Crista here for this post! Alexis follows a little bit of a different diet (hence the “Plant Meets Paleo” title!), so decided it would be a good idea to highlight our own dietary approaches with a post each. Alexis will be posting about her Blood-Type diet soon 🙂
I recently went on a 30-Day Paleo Challenge, similar to what I did last year for my 30-Day Vegan Challenge. This time, I went in expecting to make some mistakes, and to focus on trying my BEST.
Chances are you’ve heard of the Paleo diet before, but just in case you haven’t, let me give you a short and sweet run-down.
The “Paleolithic Diet” has many names, including the “Paleo diet,” “Paleo,” “Hunter-gatherer diet,” and “Caveman Diet.” According to our friends at Wikipedia, the Paleo diet is: “a modern nutritional plan based on the presumed ancient diet of wild plants and animals that various hominid species habitually consumed during the Paleolithic era—a period of about 2.5 million years which ended around 10,000 years ago with the development of agriculture and grain-based diets.”
On a Paleo diet, you would most likely find yourself eating fish, grass-fed pasture raised meats, eggs, vegetables, fruit, fungi, root vegetables, nuts, berries and seeds.
These foods are a big NO on the Paleo diet: Grains (gluten), dairy products, potatoes (except sweet potatoes, I’ll explain this later), refined salt, refined sugar, and processed oils.
There are countless research articles that assert that the Paleo diet is an ideal diet for human health and well-being. A clinical, randomized, controlled cross-over study compared the Paleolithic diet with a commonly prescribed diet for those suffering from Type 2 diabetes. Those who ate a Paleo diet resulted in lower means of triacylglycerol, diastolic blood pressure, body mass index and waist circumfrence. They also had high density lipoprotein when compared to the “Diabetes” diet. Glycemic control and other cardiovascular factors were improved significantly on the Paleo diet. Another set of research studies have concluded that the Paleo diet (in comparison to several other “popular” diets), have shown a significant difference in metabolic and physiologic movements, in addition to weight loss.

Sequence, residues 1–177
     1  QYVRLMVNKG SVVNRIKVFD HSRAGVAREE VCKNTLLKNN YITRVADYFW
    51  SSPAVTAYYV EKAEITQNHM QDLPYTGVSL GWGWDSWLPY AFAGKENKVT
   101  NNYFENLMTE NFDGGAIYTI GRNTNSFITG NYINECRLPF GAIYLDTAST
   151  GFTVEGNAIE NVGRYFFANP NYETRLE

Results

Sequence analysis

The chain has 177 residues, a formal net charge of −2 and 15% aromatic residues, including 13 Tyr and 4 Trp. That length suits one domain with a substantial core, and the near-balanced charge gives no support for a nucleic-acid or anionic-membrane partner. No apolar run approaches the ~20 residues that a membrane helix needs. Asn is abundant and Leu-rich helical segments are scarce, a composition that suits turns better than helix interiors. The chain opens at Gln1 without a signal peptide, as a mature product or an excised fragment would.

So, without further adieu…
Ten Things I Learned on a 30-Day Paleo Diet
4. It’s pretty easy to stick to socially and eating out. Unlike when I went Vegan and could hardly eat anything out at restaurants, eating Paleo is pretty simple. The majority of the time, you can find animal protein, vegetables and fruit at a restaurant. All you need to make sure of is that they aren’t cooked or fried in fat or butter. Opt for steamed veggies instead of fried. Also watch out for sauces, which contain a lot of Paleo no-no’s like sugar, salt and other ingredients that wreck havoc on your body.
5. You’re guaranteed to feel better. I double dare you. I mean it. I DARE you to try going Paleo for a month and not have more energy, feel healthier and have less digestive problems.
6. You minimize harsh chemicals/ additives/ preservatives in your food. Sticking to a Paleo diet reduces a large amount of crap that you might be putting into your body through gluten, dairy and sugar-filled products.
7. Bacon is AMAZING. Having it every single day, is not. Although bacon is allowed on the Paleo diet –as long as it is NITRATE-FREE– (which is a game-changer for me, because I simply cannot live without it), nutritionists advise against having a diet heavy in it. Stick to once or twice a week at best. The first week I went Paleo, I was a bacon addict.
8. Coffee and green tea are your friends. Sad you can’t have your mocha-frappe-lotte? Welcome to being an adult. Learn to drink your coffee black (or with a little homemade cashew creamer), and your tea without sugar. Your body will thank you. And you’ll adjust to the change. I’ve been a huge fan of yerba mate this past month.
9. Refined sugar is a no-no. Read here to learn more. Raw honey, on the other hand, is a YES.
10. Almond Flour and Coconut Flour are going to become your best friends while baking. I replaced normal flour with both of these, and am shocked at how good my recipes still taste!